In short, this medication is RARELY ever used by Dermatologists for a couple of reasons. It is a combination of a VERY STRONG topical steroid with an old anti-fungal agent. If one really had a fungal infection, topical steroids actually stimulate the growth of fungi. For this reason, it is uncommon to use a very strong steroid with an anti-fungal drug. Additionally, the use of strong topical steroids can thin the skin if used for more than 2 weeks, especially if used in the armpits, groin, face, or neck. I see patients regularly who are prescribed this medication only to be left with thin skin or stretch marks that will not go away. Dermatologists do occasionally use topical steroids with anti-fungal creams, although usually they prescribe them both separately, which costs less and is safer.

In summary, if you have an acute problem, such as an infection, Shingles, a burn, or Poison Ivy, your PCP and/or local Urgent Care Center will likely be able to treat you effectively. For these acute problems, you do not want to delay treatment.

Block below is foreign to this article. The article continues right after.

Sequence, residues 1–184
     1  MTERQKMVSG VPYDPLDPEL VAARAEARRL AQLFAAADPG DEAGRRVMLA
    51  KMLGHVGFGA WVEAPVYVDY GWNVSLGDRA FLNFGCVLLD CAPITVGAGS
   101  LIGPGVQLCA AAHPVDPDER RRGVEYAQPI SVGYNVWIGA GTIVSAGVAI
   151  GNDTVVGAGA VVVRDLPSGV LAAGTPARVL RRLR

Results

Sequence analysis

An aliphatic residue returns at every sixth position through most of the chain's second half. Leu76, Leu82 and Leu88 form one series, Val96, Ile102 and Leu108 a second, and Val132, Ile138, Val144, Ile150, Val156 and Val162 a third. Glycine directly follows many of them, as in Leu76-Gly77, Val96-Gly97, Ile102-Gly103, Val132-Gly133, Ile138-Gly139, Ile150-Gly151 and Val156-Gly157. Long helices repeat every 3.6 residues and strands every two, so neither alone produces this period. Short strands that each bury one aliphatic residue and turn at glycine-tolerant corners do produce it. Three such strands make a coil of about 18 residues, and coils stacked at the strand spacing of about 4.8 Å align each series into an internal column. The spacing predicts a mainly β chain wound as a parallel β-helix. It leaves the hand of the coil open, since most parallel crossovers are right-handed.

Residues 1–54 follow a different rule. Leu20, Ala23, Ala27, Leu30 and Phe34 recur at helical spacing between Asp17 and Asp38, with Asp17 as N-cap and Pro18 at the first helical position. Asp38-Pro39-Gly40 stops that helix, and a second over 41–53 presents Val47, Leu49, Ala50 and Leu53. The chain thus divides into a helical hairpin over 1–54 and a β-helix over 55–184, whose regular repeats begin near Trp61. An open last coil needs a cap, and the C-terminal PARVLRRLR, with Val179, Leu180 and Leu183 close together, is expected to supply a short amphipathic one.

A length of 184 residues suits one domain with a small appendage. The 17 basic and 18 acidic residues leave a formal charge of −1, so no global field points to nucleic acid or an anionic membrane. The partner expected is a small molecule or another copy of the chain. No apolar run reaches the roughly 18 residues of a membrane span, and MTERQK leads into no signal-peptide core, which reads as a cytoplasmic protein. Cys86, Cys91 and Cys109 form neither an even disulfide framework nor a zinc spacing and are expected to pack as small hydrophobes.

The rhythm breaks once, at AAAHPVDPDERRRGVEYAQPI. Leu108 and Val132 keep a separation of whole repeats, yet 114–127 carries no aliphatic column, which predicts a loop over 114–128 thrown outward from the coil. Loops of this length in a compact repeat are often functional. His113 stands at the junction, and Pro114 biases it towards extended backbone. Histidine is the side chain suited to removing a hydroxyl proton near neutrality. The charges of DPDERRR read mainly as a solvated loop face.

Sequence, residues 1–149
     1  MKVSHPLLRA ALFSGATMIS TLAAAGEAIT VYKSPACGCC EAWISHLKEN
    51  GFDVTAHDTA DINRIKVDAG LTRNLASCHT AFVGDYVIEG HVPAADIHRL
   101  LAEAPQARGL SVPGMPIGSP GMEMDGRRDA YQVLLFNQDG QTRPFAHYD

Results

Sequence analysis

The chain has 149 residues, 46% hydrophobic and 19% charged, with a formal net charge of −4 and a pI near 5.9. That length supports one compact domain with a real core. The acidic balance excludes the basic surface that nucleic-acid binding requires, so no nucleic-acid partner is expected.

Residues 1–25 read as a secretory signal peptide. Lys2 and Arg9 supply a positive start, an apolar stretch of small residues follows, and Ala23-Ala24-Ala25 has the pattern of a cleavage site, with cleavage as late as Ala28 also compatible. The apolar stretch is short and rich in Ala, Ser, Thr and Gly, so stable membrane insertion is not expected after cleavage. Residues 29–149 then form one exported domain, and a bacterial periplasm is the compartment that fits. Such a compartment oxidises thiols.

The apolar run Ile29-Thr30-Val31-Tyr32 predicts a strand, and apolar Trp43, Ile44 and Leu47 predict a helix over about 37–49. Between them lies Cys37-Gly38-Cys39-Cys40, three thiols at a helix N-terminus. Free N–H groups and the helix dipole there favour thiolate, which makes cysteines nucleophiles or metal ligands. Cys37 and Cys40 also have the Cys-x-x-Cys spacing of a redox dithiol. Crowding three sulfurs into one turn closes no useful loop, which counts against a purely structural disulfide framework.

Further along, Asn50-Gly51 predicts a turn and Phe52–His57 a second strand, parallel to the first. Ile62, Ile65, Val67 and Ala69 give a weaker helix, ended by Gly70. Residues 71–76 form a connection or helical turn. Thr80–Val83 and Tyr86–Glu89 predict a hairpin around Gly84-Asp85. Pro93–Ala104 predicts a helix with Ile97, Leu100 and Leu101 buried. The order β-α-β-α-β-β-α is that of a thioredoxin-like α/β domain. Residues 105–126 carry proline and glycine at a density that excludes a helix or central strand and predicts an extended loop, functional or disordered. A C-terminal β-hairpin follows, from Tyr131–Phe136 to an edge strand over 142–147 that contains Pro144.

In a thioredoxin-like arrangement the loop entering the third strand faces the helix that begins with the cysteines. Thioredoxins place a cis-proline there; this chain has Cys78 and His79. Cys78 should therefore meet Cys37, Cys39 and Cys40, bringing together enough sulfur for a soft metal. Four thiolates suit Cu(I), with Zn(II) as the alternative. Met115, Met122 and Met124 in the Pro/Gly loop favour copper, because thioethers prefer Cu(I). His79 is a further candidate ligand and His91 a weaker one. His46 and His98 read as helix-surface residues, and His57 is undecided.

If you have a “rash” or “growth” and do not know the cause, your best bet is to find a good Dermatologist. In my experience, it is far less costly to pay more for a visit with a Specialist than to be ineffectively treated with medications that can be costly. For example, a 15g tube (tiny) of generic Lotrisone can cost $131 compared with a 85g tube of another steroid that costs $12.

Most importantly, Emergency Rooms are for just that–life threatening emergencies. Nearly all skin conditions are NOT life-threatening, and unless one has reason to suspect otherwise (many blisters, sheets of skin coming off, or suspected serious infection), one should not seek advice for skin conditions in an Emergency Room Setting. There are times when one might be prompted to go to the Emergency Room. An example of such would be a diabetic who thinks that he/she has cellulitis who calls his/her PCP for advice and is then directed to go to the Emergency Room for evaluation.

Infections after a Pedicure

Patients often ask about the risk of getting infections after a Pedicure. In most cases, they are asking about getting a toenail fungal infection, which is rare in this circumstance. Bacterial infections have occurred after getting a Pedicure, although is uncommon. Those who are immuno-compromised or have diabetes and/or poor circulation are more at risk to getting infections.